Financial Aid for the Post Graduate
One assumption made by financial aid recipients that needs clarification is the belief that loans are not considered financial assistance.
In fact, the vast majority of financial aid dollars are disbursed to students in the form of loans. While federal and state governments do dish out plenty of grant and scholaship aid, loans (often termed “self-help aid, along with work study) are the cornerstone of the modern financial aid industry. This is an important distinction to make, particularly if you enter a post graduate program. As a graduate student, you will no longer be eligible for a Pell grant or any other federal grant aid. Aid eligibility for graduate students usually falls into three categories: loans, assistantships and fellowships. From the Department of Education, the only funds you can rely on as a graduate student are your graduate level student loans and the new PLUS loan for Graduate Students. 18,500 is the academic year maximum you can borrow in guaranteed student loan funds; 8,500 of which may be subsidized depending upon your FAFSA data and demostrated need. If the cost of attendance at your institution exceeds 18,500 per academic year, and you have no other financial assistance, you may consider a Graduate PLUS Loan.
The difference between the guaranteed student loan and the Graduate PLUS, is that the former is guaranteed without respect to a student’s credit history. He or she must simply be in good standing with his or her student loans. The later requires a positive credit history. Beyond loans, assistantships and fellowships are excellent resources for graduate students. An assistantship usually involves giving time back to your department in the form of student teaching, often called TAs. You may be asked to teach a discussion class, or a lab class in support of the lecture class given by the professor. Your expertise as a graduate student will help you field questions from the undergraduate students. In exchange for your time as a teaching assistant you may receive a complete or a partial tuition waiver and/or a stipend for living expenses.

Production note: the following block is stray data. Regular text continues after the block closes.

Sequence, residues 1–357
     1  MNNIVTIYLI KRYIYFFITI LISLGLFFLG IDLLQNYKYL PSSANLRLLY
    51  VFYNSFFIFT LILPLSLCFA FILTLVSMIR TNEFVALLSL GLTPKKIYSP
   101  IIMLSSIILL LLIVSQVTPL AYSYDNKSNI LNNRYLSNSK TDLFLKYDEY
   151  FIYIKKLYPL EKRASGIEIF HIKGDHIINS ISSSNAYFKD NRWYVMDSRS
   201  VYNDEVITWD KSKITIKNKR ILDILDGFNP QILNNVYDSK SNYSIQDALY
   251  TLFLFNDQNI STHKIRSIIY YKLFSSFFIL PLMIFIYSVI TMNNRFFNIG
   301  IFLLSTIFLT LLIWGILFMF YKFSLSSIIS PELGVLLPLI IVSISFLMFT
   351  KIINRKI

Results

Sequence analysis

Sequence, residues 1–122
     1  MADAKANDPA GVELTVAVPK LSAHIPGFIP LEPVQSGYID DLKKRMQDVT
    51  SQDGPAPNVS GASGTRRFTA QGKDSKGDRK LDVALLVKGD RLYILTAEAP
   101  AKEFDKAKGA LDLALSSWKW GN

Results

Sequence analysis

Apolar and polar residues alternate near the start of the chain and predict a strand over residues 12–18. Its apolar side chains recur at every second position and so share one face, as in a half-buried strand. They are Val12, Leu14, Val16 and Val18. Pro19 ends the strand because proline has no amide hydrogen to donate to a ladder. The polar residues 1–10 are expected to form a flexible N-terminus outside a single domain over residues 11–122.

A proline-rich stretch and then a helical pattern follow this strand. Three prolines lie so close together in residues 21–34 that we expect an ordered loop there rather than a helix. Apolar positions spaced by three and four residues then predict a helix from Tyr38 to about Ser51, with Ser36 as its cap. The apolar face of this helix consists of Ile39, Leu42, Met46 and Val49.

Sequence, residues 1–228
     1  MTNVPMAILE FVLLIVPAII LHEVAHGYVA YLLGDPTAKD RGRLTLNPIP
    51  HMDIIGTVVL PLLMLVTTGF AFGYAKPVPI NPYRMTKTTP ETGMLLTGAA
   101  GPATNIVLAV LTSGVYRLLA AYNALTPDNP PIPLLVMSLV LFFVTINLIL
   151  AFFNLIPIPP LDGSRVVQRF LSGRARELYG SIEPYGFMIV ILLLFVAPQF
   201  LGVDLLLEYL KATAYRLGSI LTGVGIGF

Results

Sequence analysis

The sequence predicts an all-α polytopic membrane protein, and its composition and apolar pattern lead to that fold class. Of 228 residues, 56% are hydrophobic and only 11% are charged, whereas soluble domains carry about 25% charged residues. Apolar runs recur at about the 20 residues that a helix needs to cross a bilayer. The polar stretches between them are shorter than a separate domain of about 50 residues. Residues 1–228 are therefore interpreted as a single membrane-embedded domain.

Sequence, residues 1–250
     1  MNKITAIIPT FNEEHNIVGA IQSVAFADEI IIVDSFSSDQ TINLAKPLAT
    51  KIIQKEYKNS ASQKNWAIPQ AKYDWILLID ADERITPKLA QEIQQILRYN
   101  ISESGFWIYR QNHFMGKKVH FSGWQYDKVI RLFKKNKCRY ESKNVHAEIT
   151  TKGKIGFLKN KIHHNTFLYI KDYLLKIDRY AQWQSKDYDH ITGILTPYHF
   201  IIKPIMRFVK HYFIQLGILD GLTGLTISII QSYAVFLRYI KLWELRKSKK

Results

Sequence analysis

Common in the sciences is the fellowship, which is very similar to an assistantship except that much of your time is spent doing research under the direction of a faculty member or members. Similarly, your tuition may be partly or fully waiver and you may recieve stipend money for your living expenses. Finding assistantships and fellowships may be as easy as contacting your institution directly.
The office of graduate studies at any Doctoral or Master’s granting institution can direct you more specifically to their own resources. Outside funding is also available from goverment organizations.
The U.S. NATIONAL SCIENCE FOUNDATION (NSF) sponsors graduate students, as well as the Bureau of Indian Affairs, the U.S. DEPARTMENT OF EDUCATION, U.S. DEPARTMENT OF DEFENSE (DoD) and the U.S. DEPARTMENT OF STATE. Private organizations can be accessed with an internet search. Hits will include the MORRIS K. UDALL FOUNDATION, the JACK KENT COOKE FOUNDATION, and the WOODROW WILSON NATIONAL FELLOWSHIP FOUNDATION to name a few.